Well, it was bound to happen. People have lost money. Lots of people have lost lots of money. And they're pissed. They want to blame someone, anyone and they want their money back. So, they are filing lawsuits. Lots of lawsuits.
Because that's where the money is
I recently worked on a case in which a "Madoffian" villain absconded with tens of millions of dollars of his clients' money. He's in jail but that is of small consolation to his victims, many of whom have lost their lives' savings. Just as Bernie Madoff seemed to have used one particular account at Chase Manhattan Bank to perpetrate his scheme, this crook used one account at a local bank branch to steal over $25 million. Rather than investing the money, he just converted it to his personal use, making small payments to "investors" when necessary.
The victims of this Ponzi scheme, unable to collect from the crook, sued the bank, on the grounds that the bank was complicit in the crime. After all, the bank still has (a little) money. I am hearing similar stories from other trial consultants, concerning other investors suing other banks, accounting firms and lawyers for the misdeeds of their clients.
These lawsuits are all long-shots, of course, because proving negligence first requires proving that these defendants owed some legal duty to the plaintiffs (who were not customers). In the case I worked on, the bank clearly owed a duty not to lose the account holder's money, but it was a real stretch to argue that the bank owed a duty to the people who gave money to the account holder. (Does your bank owe any duty to your employer for what you do with your paycheck? Or to your family for how you choose to squander your Bar Mitzvah money?).
A bank does have an obligation to act if it knows that illegal activity is taking place. It is not enough, however, to show that someone at the bank suspected, should have known, or was negligent in not knowing that something illegal was going on. There are further obligations associated with money laundering statutes, but they only cover large cash transactions.
So, in short order, the plaintiffs lost their suit against the bank. Plaintiffs have been similarly unsuccessful to other suits I have heard about. Unless you can prove a knowing conspiracy, you'll be hard-pressed to collect from institutions peripheral to the actual fraud.
Juror anger flows freely in all directions
While the facts of this case are certainly interesting and timely, I think that many interesting things can be learned from the reactions of focus group participants in the pretrial research we ran for the case.
We ran a full-day multiple-panel focus group for this case. First, we offered the participants a very heavy-handed plaintiff's argument to see just what kinds of passions we might ignite. Well, half the group was ready to revoke the bank's license and lock up all its officers. This kind of hostility should not be too surprising in an environment in which banks are largely blamed for our financial meltdown. It became very clear that most participants did not differentiate among savings banks, investment banks, brokerage houses, hedge funds and mortgage companies. To most people, the entire "financial sector" is lumped together as one giant, evil monster. If you need to represent any financial institution in court, you'll need to work very hard to differentiate your client from other firms in the industry. Good luck with that.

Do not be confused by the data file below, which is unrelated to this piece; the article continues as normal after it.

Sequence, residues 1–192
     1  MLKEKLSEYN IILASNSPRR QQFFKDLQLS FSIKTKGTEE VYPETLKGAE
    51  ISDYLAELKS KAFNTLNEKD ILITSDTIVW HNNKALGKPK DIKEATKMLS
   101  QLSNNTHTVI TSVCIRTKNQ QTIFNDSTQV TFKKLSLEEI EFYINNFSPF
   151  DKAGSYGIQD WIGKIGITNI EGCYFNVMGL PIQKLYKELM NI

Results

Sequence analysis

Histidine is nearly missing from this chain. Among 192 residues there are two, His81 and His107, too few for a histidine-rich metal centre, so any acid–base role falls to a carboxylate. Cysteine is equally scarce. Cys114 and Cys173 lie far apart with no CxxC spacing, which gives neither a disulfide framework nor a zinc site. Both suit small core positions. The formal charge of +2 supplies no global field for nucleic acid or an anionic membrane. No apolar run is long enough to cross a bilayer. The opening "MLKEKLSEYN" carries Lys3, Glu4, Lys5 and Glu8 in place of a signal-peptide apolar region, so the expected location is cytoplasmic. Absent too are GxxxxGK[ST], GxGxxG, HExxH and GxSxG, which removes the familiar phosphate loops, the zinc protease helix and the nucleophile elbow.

We followed up in the afternoon with a presentation of the defense case, along with direct and cross-examination of the branch manager. Participants started to soften their stances a bit when it became clear that the bank employees really had no idea where the money was coming from and to what purpose it was being put.
The participants were still plenty angry. They just directed their criticism in multiple directions. They heaped lots of blame on the victims, expressing incredulity that anyone would pay so little attention to what was happening to their money. Many people adopted a "caveat emptor" attitude, pointing out that when they lost money in the market, no one was there to save their butts.
This raises the important issue of relative vs. absolute notions of fairness. In unfamiliar decision-making environments, it is common for people to reason from what they know. Jurors are always analogizing from the case facts to their own experiences. "Well, when my Aunt Agnes had her hip surgery, they insisted that she stay in the hospital for five nights, not just three." As such, in securities litigation, a juror will see a case through the lens of her own experiences and current situation. I expect that, as we move through these difficult economic times, jurors will be reluctant to "bail out" investors who have lost money (even through fraud). Everyone feels defrauded and jurors are unlikely to believe that others deserve special treatment (especially if those others are rich).
This relative evaluation process is certain to carry over to calculations of damage awards (and not only in securities cases). As jurors' own financial situations deteriorate, the baselines they use for assessing damages will decline. Their houses are worth less. The average salaries earned by various types of professions are perceived to have declined. Expectations about bonuses and commissions have gone down. As a result, I expect to see damage awards drop precipitously across the board.
The American Society of Trial Consultants, of which I am a member, has just launched a flash poll among its members concerning perceived changes in juror (and mock juror) behavior, in response to the market collapse and subsequent stimulus package. Once the results of this poll are released, I'll be sure to discuss them in a future blog entry. Stay tuned!